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Dan Med J. 2013 Aug;60(8):A4691.

Shared care is a model for patients with stable prostate cancer.

Author information

1
Department of Urology, Central Hospital Unit, Region of Central Jutland. dr.ll@dadlnet.dk

Abstract

INTRODUCTION:

Patients with prostate cancer (PC) have so far been followed in specialised hospital departments after diagnosis and initiation of treatment. The main obstacles associated with the transfer of this activity to general practice include lack of experience and uncertainty as to whether general practitioners (GPs) can handle follow-up.

MATERIAL AND METHODS:

A Steering Committee was established in collaboration with health-care professionals to devise a strategy for a shared care model. An action plan was designed that included 1) the development of a shared care model for follow-up and treatment, 2) implementation of the shared care model in cooperation between the parties involved, 3) design of procedures for re-referral, and 4) evaluation of effect, change processes and contextual factors.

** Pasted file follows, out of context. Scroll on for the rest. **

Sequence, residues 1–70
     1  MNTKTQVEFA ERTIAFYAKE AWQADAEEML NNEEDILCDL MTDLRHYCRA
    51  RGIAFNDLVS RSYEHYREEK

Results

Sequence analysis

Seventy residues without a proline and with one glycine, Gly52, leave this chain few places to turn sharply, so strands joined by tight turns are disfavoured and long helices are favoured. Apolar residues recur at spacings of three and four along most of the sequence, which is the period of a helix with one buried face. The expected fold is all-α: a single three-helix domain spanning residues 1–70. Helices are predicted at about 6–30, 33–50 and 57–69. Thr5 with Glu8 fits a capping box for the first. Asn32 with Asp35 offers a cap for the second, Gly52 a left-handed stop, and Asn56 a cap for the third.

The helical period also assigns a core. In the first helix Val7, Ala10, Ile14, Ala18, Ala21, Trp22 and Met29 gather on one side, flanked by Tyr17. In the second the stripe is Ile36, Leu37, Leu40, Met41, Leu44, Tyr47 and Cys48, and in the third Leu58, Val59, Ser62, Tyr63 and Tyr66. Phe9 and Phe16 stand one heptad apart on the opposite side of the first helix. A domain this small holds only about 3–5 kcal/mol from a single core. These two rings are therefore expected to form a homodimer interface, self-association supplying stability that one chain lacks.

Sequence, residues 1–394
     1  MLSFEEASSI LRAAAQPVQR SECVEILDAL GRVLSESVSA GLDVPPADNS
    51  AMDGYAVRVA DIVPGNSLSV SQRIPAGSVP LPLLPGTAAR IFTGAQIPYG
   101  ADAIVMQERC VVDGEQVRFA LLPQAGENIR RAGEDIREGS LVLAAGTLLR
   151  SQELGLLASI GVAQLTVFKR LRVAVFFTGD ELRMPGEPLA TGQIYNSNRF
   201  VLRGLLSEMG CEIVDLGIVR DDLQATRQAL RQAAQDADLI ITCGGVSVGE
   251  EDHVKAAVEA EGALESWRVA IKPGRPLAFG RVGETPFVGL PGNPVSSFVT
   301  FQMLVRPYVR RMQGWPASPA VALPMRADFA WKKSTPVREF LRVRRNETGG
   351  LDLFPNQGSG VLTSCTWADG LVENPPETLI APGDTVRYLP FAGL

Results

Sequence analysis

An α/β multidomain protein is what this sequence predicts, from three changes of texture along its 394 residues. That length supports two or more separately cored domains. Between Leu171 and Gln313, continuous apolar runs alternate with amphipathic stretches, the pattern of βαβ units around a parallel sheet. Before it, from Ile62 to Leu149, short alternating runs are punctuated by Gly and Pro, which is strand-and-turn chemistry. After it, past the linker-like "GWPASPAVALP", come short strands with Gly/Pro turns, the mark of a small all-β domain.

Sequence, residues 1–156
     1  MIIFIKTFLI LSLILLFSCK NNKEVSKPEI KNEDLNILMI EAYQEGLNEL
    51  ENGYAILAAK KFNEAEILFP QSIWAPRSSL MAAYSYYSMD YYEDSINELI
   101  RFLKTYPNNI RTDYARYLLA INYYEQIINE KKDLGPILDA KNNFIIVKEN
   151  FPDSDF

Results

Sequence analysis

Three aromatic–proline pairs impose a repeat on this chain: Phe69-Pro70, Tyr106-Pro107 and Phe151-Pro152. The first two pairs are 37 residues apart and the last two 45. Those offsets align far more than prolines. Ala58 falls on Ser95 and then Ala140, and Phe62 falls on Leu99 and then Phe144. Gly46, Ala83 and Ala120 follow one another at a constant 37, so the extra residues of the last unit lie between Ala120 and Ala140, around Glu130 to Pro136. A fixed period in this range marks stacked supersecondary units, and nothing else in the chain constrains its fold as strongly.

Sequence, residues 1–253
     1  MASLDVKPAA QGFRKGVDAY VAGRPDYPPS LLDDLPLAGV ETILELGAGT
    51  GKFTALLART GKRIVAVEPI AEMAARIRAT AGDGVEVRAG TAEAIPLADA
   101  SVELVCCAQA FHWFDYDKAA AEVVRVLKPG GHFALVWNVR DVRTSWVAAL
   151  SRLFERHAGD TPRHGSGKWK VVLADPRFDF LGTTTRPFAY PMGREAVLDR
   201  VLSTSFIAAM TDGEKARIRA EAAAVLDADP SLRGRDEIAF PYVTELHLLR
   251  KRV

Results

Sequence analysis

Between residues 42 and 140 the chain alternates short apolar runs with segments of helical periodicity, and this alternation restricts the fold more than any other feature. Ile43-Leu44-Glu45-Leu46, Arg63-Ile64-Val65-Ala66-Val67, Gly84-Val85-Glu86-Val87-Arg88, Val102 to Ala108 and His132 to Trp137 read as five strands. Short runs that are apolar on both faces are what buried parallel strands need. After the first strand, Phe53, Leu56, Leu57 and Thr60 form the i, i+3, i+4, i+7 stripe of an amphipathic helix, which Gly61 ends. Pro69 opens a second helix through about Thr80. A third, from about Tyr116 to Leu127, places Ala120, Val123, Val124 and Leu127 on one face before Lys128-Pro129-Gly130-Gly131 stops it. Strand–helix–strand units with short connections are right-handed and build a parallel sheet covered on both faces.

RESULTS:

A total of 2,585 patients with PC were included in the study: 1,172 had disseminated disease, 754 had no recurrence after curative treatment, 244 who had been treated with a curative intent were being treated for relapse, 186 underwent watchful waiting, 135 underwent active surveillance, while other scenarios applied in the remaining 94 cases. A total of 530 patients were transferred to follow-up with a GP and 2,055 were not transferred to their GP. The main reason why patients were considered not suitable for transfer to primary health care was the patients' own desire (33%), followed by clinical or biochemical disease progression (33%). The evaluation found that 96% of the patients were very comfortable with the permanent or temporary closure of the hospital course.

CONCLUSION:

The project focused on factors that are essential for the successful transfer of responsibility for long-term follow-up of patients with prostate cancer. Patient transfer succeeded with high initial patient satisfaction.

FUNDING:

not relevant.

TRIAL REGISTRATION:

not relevant.

PMID:
23905571
[Indexed for MEDLINE]

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